People would be surprised to know that I'm...
A great baker! I make a mean red velvet cake. I can make cookies. There's sort of a joke that I make cookies automatically. When I start to talk about politics with people in my kitchen, I'll just whip up some cookies from scratch. I'm only an average cook. My husband does most of the cooking because he's from New Orleans. I'm also an HGTV addict.

The best lesson I learned from marriage:
Ahh, man, this is my second marriage. But I will tell you this: a bad marriage will take away your fear of death. (Laughs) A bad marriage is a bad thing but similarly, a good marriage is life-giving in all kinds of surprising ways. Let me be clear: my first husband is a good guy, but we had a bad marriage. I mean, I don't know who I was during those years, but I was not Melissa Harris. So when I met and started dating James, it really was shockingly easy. All these people who are like 'Marriage is hard work,' [I say] grown-up life is hard work. But it's just I see him, he sees me, and we just like the shit out of each other everyday! (Laughs) And I adore the way he parents our children. If there's a great lesson I've learned from this marriage, it's that respect is so central. Love is great but man, when you can pair that love, friendship and deep respect for who a person is, it's a great marriage.

On whether or not racism can end:
What I want for us to struggle towards is for the consequences of racial bias to be reduced as close to zero as possible. I think there is a lot of reason for us to believe, from social psychology, cognitive psychology and decades of sociological work, people make groupings and they make judgments based on those groupings. Will people stop grouping each other and making judgments? No. But can we move to create a world where the consequences of racial bias be reduced as much towards zero? Yes! Will we get to zero? Probably not. Can we push ourselves, our society, our culture, our public policies, our laws, our practices so that being born in a black body will have fewer and fewer negative economic, social and political and even bodily consequences? Yes! In fact, I think we're already on that track. The consequences of being in a black body in 1776 are very different than in 1876 and different in 1976, and very different in 2015.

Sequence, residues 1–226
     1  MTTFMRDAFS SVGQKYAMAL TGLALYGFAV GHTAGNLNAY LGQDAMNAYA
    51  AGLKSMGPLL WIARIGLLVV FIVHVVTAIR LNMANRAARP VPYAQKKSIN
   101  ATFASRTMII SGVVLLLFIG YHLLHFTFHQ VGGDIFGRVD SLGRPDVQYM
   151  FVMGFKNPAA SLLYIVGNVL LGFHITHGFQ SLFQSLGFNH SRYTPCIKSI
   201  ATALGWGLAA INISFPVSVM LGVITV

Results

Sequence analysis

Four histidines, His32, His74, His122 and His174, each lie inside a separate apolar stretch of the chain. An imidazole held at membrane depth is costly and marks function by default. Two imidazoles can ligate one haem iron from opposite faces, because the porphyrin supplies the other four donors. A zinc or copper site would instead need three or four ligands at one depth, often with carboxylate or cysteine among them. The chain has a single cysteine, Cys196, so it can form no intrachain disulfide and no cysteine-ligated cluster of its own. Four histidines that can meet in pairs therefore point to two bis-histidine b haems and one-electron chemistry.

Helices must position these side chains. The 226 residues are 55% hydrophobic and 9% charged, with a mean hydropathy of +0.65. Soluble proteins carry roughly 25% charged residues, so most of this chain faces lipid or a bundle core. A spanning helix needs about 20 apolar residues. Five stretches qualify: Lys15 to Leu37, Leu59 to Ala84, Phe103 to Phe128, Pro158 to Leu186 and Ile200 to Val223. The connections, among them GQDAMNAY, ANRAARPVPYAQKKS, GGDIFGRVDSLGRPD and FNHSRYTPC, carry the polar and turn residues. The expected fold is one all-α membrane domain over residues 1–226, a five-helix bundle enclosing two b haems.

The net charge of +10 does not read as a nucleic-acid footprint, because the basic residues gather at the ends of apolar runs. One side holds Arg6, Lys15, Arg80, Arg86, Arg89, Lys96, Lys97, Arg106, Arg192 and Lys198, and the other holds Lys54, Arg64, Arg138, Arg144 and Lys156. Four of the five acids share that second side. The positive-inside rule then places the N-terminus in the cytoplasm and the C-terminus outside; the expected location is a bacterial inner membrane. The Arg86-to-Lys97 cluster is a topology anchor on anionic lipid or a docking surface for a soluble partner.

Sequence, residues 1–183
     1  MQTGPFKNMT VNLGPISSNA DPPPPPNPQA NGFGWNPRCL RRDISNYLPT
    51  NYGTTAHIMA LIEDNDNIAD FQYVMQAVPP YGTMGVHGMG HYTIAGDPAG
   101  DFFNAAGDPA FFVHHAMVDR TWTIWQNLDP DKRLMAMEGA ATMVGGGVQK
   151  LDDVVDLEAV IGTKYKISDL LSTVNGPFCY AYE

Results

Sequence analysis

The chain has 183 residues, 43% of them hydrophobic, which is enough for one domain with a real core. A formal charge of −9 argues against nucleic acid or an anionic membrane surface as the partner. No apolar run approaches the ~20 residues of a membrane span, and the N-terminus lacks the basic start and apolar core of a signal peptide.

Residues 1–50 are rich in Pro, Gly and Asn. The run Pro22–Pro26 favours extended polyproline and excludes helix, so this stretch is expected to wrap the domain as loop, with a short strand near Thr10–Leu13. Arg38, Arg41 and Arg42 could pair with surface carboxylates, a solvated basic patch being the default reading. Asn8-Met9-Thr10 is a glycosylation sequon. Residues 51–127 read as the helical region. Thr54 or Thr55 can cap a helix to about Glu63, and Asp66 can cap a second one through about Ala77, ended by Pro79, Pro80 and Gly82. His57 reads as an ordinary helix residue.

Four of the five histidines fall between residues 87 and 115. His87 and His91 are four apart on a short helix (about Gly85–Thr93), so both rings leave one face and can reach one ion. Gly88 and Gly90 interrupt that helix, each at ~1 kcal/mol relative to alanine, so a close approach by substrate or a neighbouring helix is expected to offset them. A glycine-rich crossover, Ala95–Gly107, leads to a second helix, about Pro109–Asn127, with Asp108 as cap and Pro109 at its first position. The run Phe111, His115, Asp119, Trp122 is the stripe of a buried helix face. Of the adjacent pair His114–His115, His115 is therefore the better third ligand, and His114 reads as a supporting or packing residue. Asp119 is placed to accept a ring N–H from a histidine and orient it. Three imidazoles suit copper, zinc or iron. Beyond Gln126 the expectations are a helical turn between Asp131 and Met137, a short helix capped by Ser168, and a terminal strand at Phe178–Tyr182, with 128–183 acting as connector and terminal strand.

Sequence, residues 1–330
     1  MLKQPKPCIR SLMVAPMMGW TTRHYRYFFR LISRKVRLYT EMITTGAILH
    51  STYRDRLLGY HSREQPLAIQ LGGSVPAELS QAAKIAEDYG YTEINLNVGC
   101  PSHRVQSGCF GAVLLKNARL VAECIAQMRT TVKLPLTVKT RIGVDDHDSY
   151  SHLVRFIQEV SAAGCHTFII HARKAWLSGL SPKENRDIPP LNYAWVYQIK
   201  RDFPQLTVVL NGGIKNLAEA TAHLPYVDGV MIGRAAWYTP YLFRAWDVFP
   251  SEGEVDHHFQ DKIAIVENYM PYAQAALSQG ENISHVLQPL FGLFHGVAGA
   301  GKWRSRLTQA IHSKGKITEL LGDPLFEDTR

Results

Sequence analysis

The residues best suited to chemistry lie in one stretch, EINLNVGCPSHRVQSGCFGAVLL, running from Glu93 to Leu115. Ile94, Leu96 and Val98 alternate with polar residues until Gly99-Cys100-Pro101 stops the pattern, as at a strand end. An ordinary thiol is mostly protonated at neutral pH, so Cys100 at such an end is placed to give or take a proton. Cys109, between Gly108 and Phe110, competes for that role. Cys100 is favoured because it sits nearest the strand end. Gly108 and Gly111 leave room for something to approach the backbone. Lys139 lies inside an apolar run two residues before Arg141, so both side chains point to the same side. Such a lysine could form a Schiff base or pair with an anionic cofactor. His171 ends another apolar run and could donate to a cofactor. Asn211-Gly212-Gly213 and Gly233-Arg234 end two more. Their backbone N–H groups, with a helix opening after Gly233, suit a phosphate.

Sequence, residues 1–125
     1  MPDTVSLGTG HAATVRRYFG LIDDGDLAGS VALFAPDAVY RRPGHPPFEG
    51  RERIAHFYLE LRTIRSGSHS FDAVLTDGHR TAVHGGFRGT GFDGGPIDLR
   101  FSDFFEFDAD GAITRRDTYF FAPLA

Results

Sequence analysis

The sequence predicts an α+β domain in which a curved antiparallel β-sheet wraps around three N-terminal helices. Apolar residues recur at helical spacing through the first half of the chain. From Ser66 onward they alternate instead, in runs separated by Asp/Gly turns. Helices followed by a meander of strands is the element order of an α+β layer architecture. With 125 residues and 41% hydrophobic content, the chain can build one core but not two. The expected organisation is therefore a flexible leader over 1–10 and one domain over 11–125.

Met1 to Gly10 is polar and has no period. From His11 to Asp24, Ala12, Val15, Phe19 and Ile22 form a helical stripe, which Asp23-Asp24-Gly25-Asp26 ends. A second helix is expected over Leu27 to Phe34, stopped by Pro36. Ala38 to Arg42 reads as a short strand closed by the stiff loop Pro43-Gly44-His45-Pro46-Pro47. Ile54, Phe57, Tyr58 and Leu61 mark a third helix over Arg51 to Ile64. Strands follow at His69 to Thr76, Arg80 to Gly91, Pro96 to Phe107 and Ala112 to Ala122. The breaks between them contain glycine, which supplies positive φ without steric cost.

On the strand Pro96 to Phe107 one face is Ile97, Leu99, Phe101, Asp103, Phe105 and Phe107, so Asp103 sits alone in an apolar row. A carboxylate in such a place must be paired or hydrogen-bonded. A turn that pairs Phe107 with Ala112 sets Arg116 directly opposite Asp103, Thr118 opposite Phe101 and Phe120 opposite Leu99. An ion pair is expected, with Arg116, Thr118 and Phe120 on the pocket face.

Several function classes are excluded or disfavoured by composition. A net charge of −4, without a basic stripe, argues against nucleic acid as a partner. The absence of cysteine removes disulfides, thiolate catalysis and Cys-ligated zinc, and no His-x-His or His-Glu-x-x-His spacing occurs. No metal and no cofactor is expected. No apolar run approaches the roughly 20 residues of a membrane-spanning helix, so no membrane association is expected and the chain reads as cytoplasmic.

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Music Sermon: The Groundbreaking Sprite and St. Ides Hip-Hop Campaigns

Today, rap music is used to sell everything from electronics to tax filing services to nut butter grinding machines at Whole Foods. We understand that hip-hop culture is essentially the root of everything cool and hip in culture, period, and it’s been commodified and appropriated within an inch of its life. But in the early ‘90s, the genre was far from Madison Avenue-friendly. Aside from the groundbreaking deal between Adidas and RUN DMC, brands didn’t yet see full value and impact of hip-hop…except in the food and beverage industry.

Beverage companies centering campaigns for the urban demo around black music was nothing new; Coca-Cola had ads featuring artists such as New Edition and Anita Baker singing their hearts out for the cola in the ‘80s, and Schlitz Malt Liquor had a legendary – and hilarious - run of spots featuring The Commodores, The Four Tops, Teddy Pendergrass and more through the ‘70s and early ‘80s. However, in the early ‘90s two brands put their entire business on hip-hop’s back, by not only building their brands but spring-boarding the recognition of the music and artists as a marketing and advertising tool: Sprite soda and St. Ides malt liquor.

In the ‘80s, Sprite was languishing behind competitor 7Up when parent company Coca-Cola decided to focus on the youth market, and the quickly growing hip-hop culture was part of the strategy. African-American ad agency Burrell Communications tagged hip-hop acts for a series of spots that began a long-standing marriage between the brand and the culture, starting with Kurtis Blow in 1986. It was one of the first national TV ads to feature a rapper.


In 1990, the brand kicked off the “I Like the Sprite in You” campaign, using rap acts that matched the soft drink’s bubbly energy, starting with Heavy D & the Boyz before partnering with Kid ’n Play the following year. The ads featured the artists clad in lemon-lime fare, rhymin’ about lymon.

HEAVY D - 1990 KID’N PLAY – 1991

With Kris Kross, they turned it up a notch and had us crunk inside the Sprite can. Edgy. Also, this was catchy as hell.